need a foreign policy based on human rights, not on the procurement of oil resources. we provide for a green a new deal that would directly create jobs. because it creates jobs in the green economy, it allows us to back off these wars for oil and save hundreds of billions of dollars on the bloated military. instead it puts that money into jobs, health care, and education -- the things we need at home to create national security. host: the biggest challenge is getting on the ballot in 50 states. tell us about some of the difficulties you and others have encountered while trying to run and getting on each state ballot? guest: yes, there has been -- i am just now seeing that. a little delay here. the system is designed to keep alternative voices out of the mix. studies show one out of every two voters is not going to vote. that is 90 million eligible voters who will not vote this election. that is twice as many as the number that will vote for barack obama and twice as many as the number that will vote for mitt romney. that means most people do not feel represented by either of thes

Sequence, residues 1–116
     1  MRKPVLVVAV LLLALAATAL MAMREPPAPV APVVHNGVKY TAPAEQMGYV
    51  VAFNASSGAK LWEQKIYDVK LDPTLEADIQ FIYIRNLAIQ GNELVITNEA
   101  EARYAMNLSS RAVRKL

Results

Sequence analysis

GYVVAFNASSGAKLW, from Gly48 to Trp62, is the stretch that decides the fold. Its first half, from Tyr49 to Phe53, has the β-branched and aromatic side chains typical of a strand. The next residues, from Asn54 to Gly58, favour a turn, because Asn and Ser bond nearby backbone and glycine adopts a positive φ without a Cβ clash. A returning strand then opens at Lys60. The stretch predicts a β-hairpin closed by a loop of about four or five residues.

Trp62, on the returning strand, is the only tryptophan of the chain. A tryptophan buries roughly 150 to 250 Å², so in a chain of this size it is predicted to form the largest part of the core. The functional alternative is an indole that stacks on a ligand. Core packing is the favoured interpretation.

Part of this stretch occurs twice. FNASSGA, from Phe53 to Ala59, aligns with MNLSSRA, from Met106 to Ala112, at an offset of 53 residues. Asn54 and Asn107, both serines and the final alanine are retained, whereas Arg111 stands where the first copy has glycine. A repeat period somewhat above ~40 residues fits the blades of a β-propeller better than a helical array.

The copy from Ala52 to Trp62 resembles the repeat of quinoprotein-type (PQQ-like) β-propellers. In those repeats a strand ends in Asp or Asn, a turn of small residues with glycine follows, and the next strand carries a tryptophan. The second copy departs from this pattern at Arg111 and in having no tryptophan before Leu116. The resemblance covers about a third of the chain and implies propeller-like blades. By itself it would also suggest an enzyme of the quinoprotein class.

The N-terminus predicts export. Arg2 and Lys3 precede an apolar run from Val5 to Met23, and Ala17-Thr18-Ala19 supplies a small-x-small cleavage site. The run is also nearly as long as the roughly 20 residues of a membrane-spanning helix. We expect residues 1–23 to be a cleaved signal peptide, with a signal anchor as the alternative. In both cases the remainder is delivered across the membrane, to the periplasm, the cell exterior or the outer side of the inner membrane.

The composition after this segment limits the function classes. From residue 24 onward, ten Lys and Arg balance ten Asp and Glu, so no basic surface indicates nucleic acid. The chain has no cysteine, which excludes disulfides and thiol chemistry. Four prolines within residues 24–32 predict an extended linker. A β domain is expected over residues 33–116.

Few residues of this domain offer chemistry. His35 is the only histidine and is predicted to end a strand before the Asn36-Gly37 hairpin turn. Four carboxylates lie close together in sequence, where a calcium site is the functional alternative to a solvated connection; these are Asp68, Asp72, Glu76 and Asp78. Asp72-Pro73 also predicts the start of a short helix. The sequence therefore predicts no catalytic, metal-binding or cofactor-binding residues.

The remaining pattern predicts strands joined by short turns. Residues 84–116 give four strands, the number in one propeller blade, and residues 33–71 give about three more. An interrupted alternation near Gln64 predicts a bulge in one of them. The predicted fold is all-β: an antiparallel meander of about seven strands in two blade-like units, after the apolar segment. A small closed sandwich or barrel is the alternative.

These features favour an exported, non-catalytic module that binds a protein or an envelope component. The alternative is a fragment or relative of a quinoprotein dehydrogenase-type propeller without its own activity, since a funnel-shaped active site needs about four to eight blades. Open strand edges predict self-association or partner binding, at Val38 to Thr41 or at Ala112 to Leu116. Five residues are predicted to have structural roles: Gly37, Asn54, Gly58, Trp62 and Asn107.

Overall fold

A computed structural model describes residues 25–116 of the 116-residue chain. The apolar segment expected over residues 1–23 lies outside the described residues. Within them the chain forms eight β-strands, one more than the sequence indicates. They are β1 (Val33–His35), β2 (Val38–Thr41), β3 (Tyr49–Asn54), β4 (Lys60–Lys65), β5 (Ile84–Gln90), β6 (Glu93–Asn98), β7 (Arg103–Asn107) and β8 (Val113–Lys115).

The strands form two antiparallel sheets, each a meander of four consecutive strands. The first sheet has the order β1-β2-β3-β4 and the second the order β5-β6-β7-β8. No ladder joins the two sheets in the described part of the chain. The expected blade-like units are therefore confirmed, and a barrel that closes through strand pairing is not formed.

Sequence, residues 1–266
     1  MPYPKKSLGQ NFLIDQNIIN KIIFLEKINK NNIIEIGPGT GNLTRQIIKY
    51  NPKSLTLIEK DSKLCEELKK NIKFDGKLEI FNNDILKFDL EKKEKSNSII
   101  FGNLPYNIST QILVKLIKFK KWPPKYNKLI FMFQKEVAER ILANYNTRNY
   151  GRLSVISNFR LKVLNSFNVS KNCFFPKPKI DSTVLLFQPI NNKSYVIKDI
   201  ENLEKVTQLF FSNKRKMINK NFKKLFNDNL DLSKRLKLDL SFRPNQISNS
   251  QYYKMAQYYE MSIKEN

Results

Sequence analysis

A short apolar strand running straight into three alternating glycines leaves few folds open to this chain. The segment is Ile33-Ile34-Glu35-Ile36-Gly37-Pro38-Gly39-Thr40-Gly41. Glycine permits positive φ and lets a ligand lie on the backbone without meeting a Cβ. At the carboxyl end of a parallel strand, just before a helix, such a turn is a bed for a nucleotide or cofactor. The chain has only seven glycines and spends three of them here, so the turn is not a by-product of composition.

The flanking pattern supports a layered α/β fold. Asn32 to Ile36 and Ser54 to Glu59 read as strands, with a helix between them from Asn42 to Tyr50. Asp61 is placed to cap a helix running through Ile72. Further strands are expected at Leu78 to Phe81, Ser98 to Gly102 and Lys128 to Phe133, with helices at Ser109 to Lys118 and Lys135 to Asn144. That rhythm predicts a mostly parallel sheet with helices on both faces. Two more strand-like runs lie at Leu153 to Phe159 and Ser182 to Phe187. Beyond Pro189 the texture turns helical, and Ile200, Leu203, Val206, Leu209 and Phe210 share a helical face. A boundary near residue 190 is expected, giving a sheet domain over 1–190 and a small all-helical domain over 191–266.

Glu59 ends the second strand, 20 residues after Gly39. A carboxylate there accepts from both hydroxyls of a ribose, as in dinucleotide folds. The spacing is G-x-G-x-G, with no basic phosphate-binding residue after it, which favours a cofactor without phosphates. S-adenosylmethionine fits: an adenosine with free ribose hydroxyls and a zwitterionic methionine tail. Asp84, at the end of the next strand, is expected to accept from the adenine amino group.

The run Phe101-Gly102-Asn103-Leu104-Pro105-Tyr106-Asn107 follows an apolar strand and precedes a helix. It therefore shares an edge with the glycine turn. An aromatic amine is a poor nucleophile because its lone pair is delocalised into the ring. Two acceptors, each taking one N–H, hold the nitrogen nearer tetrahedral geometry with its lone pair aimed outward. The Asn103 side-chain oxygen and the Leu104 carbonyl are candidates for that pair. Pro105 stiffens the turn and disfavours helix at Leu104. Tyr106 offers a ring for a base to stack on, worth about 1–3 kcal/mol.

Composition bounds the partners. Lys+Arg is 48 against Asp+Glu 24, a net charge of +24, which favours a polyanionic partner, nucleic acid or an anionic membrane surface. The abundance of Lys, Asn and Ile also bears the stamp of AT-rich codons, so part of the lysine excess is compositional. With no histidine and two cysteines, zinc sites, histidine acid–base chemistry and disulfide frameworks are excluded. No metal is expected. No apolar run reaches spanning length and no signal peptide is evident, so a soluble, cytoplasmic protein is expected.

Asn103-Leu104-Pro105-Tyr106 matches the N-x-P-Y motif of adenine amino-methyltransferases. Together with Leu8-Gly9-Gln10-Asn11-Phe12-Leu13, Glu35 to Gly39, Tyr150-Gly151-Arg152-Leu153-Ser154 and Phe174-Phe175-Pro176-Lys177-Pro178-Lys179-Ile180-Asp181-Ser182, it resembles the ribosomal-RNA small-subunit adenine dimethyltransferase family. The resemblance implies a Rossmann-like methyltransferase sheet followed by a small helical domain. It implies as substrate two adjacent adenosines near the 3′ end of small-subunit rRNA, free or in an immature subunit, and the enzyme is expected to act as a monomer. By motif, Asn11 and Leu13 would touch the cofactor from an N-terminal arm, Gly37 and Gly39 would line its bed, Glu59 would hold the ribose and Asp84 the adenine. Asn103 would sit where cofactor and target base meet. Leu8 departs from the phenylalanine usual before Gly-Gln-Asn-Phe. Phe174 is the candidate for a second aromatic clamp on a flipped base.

with something, and you get touched on some positions. how would you describe foreign policy? how should america face the world? >> we should be the shining begin on the hill. but our military interventions, are going in, and we are determining -- we are replacing one dictator with another dictator. foreign aid is money spent on dictators. it is not spent on people in other countries. it is spent on propping up other governments. we are funding the insurgents in syria, and one-quarter of the insurgents in syria are supposed to be al qaeda. did we not do this in afghanistan? did we not bankroll osama bin laden? what we ought to have learned is that these military interventions make enemies to the united states, people who are affected by this. these drones strikes, yes, we hit the targets, but we wipe out another quarter block. we kill tens of thousands of innocent civilians living in these countries that we are ostensibly there to help. we are just continuing to make more and more enemies. it is no surprise that the unrest in the middle east is occurring right now. i would get out of our embassi